The module provides a few options to counter this problem by caching the files, or writing files to your public folder. After a request the caching layer will write the result of the file to the same location in your public folder so the second time it will not have to pass through PHP.

In order to do this you can add the following configuration which enables caching:

 array(
        'caching' => array(
            'default' => array(
                'cache'     => 'FilePath',
                'options' => array(
                    'dir' => 'public',
                )
            )
        )
    )
);

In this example i use default which means it caches every file that is being requested, if you want to specify the files that are being cached then replace default with the path to your asset.

To take this even further you can minify every javascript and css file that is being requested.

 array(
        'filters' => array(
            // Filter by MIME typ
            'application/javascript' => array(
                array(
                    'filter' => 'JSMin',
                ),
            ),
            // Filter by extension
            'js' => array(
                array(
                    'filter' => 'JSMin',
                ),
            ),
        ),
  ),
);

You have to provide the filter service yourself which is really to implement, in this example i am using JSMin

setContent(JSMin::minify($asset->getContent()));
    }
}

And then add the filter to the AssetManager configuration:

 array(
        'filters' => array(
            'application/javascript' => array(
                array(
                    'filter' => 'Application\Service\JSMinFilter', // FQCN
                ),
            ),
        ),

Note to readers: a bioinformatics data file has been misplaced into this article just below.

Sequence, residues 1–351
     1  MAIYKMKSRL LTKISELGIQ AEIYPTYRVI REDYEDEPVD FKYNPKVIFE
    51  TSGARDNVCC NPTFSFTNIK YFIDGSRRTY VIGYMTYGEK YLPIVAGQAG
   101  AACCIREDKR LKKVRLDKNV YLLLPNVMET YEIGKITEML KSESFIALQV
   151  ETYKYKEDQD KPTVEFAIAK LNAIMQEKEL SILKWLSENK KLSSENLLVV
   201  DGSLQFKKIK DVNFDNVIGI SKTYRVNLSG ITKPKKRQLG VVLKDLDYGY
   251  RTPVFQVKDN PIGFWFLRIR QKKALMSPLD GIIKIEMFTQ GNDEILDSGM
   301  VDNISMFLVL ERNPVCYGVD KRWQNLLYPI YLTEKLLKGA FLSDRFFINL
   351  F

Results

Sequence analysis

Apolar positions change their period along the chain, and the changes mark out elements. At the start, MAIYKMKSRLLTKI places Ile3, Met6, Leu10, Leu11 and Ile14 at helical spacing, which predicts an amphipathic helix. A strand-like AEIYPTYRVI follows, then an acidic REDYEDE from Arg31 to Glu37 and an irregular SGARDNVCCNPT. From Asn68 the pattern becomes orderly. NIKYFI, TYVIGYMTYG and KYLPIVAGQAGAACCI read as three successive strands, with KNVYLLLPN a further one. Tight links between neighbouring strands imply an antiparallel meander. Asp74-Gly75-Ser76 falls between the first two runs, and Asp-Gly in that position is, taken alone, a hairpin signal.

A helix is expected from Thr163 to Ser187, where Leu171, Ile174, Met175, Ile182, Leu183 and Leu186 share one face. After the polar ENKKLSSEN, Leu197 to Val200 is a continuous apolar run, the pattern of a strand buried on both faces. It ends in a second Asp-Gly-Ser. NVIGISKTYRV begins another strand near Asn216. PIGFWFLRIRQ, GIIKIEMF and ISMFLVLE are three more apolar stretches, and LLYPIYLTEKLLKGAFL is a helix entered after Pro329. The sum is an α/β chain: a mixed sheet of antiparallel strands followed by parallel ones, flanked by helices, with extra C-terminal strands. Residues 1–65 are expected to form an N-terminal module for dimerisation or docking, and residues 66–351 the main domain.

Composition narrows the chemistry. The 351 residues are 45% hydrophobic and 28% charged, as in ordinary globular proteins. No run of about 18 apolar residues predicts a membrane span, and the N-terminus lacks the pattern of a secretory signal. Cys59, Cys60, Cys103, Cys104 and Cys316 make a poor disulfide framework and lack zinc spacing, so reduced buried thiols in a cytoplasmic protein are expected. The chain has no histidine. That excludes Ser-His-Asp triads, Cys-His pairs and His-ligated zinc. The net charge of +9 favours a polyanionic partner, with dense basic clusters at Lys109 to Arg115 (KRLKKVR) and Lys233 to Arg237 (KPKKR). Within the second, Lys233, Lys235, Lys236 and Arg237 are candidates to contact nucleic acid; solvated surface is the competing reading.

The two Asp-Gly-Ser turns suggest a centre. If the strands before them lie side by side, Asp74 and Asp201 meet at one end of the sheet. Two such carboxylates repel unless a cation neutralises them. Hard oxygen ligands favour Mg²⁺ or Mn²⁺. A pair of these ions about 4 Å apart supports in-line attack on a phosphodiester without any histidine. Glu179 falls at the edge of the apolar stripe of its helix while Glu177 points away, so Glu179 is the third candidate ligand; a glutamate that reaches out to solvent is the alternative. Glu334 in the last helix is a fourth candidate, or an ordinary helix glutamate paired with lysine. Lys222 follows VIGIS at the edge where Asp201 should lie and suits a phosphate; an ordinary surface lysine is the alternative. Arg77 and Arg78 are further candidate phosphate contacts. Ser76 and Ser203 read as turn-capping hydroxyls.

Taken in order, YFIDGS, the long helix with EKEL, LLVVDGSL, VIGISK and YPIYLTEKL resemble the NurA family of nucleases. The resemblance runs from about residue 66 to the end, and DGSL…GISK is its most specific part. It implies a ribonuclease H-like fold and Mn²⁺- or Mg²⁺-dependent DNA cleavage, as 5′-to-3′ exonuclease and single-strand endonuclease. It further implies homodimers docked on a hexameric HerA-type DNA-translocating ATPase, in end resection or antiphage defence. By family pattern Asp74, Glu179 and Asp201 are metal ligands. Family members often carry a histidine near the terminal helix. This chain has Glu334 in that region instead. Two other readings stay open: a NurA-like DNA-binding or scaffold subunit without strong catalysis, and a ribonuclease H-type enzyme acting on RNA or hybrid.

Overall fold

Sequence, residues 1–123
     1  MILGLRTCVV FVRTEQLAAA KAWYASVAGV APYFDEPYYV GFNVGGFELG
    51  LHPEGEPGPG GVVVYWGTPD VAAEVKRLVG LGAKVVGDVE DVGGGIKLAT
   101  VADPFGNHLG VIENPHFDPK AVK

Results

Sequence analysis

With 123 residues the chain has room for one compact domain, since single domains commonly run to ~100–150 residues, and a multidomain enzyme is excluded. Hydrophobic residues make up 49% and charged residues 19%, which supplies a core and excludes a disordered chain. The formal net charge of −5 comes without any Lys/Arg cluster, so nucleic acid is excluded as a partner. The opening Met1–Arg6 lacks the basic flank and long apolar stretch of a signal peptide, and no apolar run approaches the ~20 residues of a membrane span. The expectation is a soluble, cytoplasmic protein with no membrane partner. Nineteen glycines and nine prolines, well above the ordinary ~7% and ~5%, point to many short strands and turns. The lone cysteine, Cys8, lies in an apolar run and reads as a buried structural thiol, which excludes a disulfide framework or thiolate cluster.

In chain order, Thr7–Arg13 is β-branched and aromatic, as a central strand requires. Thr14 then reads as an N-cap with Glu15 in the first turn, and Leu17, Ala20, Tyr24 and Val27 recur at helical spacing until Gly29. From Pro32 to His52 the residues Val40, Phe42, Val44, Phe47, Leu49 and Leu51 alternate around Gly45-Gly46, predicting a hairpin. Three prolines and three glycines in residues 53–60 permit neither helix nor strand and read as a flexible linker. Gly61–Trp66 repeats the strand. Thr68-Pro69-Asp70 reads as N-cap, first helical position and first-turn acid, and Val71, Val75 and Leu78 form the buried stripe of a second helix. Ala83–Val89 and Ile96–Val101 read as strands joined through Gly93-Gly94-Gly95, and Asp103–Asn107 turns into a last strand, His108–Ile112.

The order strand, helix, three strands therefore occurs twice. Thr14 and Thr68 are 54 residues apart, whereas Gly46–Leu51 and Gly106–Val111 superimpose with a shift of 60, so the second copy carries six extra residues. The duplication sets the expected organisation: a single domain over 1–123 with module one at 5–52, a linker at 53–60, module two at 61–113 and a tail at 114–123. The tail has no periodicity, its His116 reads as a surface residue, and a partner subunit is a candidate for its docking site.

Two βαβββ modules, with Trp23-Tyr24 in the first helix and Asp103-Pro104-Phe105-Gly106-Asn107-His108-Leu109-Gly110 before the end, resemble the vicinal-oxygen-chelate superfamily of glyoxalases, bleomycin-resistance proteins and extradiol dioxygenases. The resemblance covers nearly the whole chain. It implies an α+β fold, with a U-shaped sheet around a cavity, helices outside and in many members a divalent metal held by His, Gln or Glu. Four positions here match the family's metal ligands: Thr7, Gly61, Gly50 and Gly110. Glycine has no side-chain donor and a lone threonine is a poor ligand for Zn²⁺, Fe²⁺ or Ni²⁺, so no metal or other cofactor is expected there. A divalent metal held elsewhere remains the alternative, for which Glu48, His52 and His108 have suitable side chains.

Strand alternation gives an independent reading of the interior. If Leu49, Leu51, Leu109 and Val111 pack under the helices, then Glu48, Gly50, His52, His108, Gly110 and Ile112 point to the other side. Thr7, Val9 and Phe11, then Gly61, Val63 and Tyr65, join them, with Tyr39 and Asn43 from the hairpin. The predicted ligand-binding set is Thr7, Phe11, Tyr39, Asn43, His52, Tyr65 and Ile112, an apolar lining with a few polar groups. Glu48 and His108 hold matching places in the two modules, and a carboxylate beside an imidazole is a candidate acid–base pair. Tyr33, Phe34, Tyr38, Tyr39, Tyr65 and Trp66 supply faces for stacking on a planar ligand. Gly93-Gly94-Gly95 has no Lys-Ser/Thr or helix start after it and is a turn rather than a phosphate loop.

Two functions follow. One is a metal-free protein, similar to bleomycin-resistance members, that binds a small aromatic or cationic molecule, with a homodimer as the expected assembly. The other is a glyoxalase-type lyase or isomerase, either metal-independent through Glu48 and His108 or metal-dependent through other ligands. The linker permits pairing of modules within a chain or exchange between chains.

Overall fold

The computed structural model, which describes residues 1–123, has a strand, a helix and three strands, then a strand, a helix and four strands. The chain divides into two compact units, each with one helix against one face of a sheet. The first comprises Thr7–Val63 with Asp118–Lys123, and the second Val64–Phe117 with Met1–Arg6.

),
);

This is only a small demonstration of all the possibilities that the module has to offer, there are a lot of filters available in Assetic which optimize your images, compresses your files, parse SASS, LESS etc and many more.

Take a look at the available filters and read the wiki to get started with AssetManager in your project!

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16 Dec

Inline Attachment 1.0

Github recently added a new feature in which you can add images inside a ordinary textarea by simply dragging an image inside it, or pasting (only in chrome) an image. While i was working on the markdown editor for Socialog i needed a similar way to add images to a blog post. Therefore i wrote a javascript plugin which does the exact same thing. The result is a plugin which can be used with jQuery, CodeMirror or standalone, so you can easily use it in your project.

During this project i've gained experience with Grunt.js, structuring a jQuery plugin and the HTML 5 File API which i will briefly describe.

While writing out some quick requirements for the plugin i quickly noticed that there had to be a way to build my javascript files into 3 different versions. The standalone version should be compiled inside the jQuery and CodeMirror version without having to copy the code manually, and ideally there should also be a minified production version.

Meet Grunt.js, a JS command line build tool

Grunt.js has proven itself in the jQuery project and became my weapon of choice to combine and minify the required files.